Tom Jicha

Tom Jicha grew up in New York City and worked with John Pricci at the short-lived revival of the New York Daily Mirror. Tom moved to Miami in 1972 for a position in the sports department at the now defunct Miami News.

Tom became the TV critic in 1980 and moved to the South Florida Sun Sentinel in 1988. All the while he has kept his hand in sports, including horse racing. He has covered two Super Bowls, a World Series and the Breeders Cup at Gulfstream Park.

He's been the Sun Sentinels horse racing writer since 2007 as a staff member, and continues to this day as a free-lancer.

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Thursday, July 20, 2017

Your first tip of the Saratoga season

Handicapping books and tout sheets abound at Saratoga. The one that stands out for me is the 'Saratoga Handicapper.' It doesn't attempt to pick winners but gives a player useful information about trainers' historical trends at the Spa, which can be used to come up with not-so-obvious winners and help eliminate heavily played horses who don't fall into a winning pattern. In another matter, it would be great if Songbird's connections give her the opportunity to do the one thing she hasn't done, which other great fillies have, take on the boys and beat them.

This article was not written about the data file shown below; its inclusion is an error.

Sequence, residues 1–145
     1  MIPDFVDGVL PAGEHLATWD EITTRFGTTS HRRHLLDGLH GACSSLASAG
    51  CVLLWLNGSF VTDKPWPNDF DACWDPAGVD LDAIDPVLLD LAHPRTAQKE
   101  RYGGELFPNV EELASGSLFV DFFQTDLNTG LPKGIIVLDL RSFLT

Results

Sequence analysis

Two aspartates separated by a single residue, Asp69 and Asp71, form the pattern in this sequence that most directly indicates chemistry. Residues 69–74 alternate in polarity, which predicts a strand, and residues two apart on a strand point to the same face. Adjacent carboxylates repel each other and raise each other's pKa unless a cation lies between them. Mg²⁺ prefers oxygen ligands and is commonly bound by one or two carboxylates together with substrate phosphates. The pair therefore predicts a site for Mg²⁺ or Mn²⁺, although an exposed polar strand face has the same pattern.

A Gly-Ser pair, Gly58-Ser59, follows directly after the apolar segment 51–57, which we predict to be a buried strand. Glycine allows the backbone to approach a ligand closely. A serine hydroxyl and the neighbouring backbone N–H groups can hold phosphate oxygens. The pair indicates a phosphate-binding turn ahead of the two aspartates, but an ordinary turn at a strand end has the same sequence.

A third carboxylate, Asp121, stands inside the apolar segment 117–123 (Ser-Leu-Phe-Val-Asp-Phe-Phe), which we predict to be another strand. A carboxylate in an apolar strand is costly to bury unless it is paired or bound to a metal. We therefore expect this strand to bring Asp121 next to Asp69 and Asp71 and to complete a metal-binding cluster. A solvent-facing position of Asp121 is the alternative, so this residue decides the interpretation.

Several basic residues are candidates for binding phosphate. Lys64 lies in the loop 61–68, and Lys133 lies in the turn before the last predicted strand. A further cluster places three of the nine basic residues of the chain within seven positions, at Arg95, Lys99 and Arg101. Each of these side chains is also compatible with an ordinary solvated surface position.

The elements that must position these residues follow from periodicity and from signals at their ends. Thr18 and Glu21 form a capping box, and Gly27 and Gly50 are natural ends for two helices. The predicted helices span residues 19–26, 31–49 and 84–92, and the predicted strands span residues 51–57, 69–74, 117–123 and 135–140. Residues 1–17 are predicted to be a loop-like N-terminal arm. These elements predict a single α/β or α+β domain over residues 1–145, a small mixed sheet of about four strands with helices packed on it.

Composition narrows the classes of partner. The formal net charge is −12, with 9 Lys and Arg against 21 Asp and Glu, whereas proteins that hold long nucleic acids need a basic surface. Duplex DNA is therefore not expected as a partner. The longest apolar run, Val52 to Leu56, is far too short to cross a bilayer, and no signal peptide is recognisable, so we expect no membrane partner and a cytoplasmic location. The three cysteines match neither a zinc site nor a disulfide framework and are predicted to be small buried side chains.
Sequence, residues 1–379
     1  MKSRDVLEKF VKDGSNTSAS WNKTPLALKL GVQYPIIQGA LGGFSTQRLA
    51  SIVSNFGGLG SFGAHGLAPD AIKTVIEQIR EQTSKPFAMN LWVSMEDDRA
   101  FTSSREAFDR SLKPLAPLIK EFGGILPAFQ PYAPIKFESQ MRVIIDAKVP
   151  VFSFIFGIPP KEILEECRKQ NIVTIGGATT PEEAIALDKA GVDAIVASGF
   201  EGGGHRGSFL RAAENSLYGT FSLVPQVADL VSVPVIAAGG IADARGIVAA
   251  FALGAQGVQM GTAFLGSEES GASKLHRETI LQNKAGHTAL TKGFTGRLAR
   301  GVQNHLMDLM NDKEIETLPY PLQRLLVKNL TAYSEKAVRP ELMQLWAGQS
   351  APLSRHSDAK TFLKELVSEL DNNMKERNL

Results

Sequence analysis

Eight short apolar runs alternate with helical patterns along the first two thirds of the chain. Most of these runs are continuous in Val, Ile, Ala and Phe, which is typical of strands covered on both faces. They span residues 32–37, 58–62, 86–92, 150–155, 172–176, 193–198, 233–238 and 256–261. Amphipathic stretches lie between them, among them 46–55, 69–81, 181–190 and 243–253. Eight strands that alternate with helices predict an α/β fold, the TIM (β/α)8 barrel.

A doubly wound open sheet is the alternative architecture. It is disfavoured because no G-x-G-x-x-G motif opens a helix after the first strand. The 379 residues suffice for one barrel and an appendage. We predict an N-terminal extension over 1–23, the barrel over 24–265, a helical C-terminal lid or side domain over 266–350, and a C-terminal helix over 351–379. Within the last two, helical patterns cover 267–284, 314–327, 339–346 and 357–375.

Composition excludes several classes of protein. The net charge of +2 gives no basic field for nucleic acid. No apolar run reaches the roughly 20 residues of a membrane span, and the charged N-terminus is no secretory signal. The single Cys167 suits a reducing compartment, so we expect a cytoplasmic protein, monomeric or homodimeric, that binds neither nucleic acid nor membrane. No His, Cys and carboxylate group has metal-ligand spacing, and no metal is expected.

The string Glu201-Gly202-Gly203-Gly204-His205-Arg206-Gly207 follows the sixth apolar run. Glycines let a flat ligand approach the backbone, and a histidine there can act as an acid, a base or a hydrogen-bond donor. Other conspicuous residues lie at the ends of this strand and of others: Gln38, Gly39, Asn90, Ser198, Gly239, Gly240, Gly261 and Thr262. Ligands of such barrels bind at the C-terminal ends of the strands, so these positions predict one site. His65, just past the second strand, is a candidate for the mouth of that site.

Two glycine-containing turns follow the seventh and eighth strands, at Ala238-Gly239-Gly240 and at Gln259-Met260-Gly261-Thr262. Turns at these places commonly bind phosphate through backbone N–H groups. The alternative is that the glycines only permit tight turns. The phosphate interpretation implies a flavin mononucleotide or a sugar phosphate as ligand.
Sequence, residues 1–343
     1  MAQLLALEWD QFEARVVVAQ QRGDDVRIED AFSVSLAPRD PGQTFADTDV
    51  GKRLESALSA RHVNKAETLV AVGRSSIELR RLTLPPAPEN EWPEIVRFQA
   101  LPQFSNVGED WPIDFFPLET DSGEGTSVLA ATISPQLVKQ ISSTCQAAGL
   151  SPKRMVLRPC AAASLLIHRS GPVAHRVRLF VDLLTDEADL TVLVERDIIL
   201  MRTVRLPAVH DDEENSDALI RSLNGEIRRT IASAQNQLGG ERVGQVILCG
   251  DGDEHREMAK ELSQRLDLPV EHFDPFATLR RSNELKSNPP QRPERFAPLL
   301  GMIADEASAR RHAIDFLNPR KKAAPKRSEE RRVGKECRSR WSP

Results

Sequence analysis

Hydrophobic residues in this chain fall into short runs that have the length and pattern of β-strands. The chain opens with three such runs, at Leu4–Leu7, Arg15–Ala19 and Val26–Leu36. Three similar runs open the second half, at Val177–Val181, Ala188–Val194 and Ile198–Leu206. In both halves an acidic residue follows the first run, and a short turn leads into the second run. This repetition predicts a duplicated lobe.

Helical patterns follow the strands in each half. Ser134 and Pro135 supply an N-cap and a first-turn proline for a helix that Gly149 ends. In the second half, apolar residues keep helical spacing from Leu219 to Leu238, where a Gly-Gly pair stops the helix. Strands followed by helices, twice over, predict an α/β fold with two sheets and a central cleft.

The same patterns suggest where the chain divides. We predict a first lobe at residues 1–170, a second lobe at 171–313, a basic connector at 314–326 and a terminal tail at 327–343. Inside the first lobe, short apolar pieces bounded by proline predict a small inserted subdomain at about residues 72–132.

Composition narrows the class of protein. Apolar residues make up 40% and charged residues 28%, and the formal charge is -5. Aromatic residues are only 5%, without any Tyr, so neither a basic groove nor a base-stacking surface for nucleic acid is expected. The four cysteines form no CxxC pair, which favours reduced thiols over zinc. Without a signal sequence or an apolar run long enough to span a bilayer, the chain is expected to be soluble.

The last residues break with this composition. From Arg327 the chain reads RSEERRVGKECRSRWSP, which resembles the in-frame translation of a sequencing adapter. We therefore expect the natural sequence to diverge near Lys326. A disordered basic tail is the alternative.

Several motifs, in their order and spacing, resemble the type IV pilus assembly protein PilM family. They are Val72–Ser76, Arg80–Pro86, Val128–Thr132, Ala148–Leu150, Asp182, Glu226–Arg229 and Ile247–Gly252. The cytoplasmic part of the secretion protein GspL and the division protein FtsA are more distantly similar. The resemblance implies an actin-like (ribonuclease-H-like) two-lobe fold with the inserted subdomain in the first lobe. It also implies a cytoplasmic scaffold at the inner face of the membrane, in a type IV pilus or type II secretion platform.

It’s horse players’ Christmas Eve. The day before the opening of Saratoga is one of the most joyful, anticipatory occasions of every year, superseded only by opening day itself. Forget sugar plums. Visions of great scores to come dance in players’ heads.